And each time, I would be completely taken aback. Until it was brought to my attention, I’d had no idea that what I’d said or done was hurtful. Once I was made aware, the pain and self-loathing were indescribable, because I couldn’t figure out why I hadn’t anticipated such a consequence, and was horrified by all the other times I must have hurt someone similarly that had gone unreported.

By my early twenties, I had decided that I couldn’t keep going the way I had been. I resolved to start acting like a different person in public (since I couldn’t be myself) and do my best to mimic what I had begun to realize was “acceptable” speech and behavior.

I threw myself into the work, but it was a long time before it felt (or looked, probably) natural. I mastered the basics in the first few years, and as time wore on, grew more and more adept, developing a phalanx of complex and multi-layered strategies to apply depending on the situation. Now, my mental library of appropriateness is substantial and can be executed in near real-time. Such mechanisms require a significant cognitive and energetic investment, and I can’t improvise well and still guess wrong occasionally, but the lengths of time between the social crises described above grew from months to years. I finally started being able to have relationships with my peers.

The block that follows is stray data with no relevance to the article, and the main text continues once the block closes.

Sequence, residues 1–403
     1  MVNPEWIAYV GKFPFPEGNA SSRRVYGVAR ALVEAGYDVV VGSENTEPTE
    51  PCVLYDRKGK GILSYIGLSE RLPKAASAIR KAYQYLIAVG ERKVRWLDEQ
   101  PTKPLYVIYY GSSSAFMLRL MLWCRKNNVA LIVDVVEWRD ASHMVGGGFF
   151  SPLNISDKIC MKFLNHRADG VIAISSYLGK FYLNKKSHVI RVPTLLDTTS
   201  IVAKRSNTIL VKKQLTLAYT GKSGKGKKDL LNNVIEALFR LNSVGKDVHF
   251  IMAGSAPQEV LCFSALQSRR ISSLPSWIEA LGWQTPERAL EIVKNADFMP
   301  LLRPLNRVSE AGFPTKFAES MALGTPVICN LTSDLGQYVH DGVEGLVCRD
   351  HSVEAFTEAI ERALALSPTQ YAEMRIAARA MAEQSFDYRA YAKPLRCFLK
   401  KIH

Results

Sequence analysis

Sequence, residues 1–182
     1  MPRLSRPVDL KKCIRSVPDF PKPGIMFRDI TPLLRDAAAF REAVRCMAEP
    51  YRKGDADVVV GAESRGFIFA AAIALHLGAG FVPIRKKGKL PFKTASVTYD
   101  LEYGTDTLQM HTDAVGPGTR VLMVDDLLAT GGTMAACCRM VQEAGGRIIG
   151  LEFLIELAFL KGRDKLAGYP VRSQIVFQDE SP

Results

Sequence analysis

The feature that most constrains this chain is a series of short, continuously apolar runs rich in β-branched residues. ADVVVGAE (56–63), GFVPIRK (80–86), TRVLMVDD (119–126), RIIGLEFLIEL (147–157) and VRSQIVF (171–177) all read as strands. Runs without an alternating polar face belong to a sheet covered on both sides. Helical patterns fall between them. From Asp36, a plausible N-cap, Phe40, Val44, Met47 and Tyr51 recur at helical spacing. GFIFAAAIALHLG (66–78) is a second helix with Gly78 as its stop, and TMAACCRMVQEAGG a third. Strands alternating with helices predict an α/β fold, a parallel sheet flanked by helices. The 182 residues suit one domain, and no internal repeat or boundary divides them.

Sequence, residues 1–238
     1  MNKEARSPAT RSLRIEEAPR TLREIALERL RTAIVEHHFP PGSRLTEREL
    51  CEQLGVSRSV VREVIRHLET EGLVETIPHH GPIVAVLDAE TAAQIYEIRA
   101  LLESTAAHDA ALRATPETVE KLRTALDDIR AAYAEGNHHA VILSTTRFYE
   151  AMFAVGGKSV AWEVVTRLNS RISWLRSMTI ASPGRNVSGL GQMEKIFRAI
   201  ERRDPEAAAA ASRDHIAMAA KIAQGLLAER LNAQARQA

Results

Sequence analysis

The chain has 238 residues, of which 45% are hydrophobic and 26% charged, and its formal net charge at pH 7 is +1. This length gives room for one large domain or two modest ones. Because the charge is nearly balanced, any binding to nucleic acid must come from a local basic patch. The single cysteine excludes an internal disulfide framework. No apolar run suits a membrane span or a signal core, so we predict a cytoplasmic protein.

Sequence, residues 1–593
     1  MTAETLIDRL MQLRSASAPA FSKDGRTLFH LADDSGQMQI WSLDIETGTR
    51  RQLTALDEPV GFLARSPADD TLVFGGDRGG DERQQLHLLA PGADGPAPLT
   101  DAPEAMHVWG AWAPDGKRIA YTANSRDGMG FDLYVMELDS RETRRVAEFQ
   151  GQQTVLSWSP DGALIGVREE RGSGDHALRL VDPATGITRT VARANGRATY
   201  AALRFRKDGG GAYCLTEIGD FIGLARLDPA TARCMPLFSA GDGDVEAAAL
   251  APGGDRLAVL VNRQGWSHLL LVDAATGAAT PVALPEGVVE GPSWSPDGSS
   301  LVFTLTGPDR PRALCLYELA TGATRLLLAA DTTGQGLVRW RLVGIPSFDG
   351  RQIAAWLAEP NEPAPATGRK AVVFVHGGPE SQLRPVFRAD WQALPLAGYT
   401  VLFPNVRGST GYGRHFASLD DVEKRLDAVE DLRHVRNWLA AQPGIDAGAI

I have only recently come to appreciate the sheer volume and relentlessness of negative feedback I endured as a young person when being my true self. I was not aware that I was internalizing it at the time, but I do know that by my thirties, I had convinced myself that I was a bad person, possibly a sociopath, for not being able to see the social and emotional milieu the rest of the world operated in. My instincts, such as they were, were invariably wrong. Experience had shown that I had to rely on my intellect to cultivate and maintain relationships with other people.

There was no talk of autism at this point; I did not even know that high-functioning autism existed for another few years. When I did learn about it, and start to suspect I might be on the spectrum, however, it seemed irrelevant. Autistic or not, what was inside me was significantly different from what was inside everyone else, and if I wanted to have any social life at all, I had to behave in direct opposition to it.

My thought process was, and still is, that deep down, there is something missing inside me, and that I insult, upset, and hurt people without knowing it, and thus have to maintain constant vigilance over every aspect of my speech and behavior to ensure that doesn’t happen, even in things like text messages.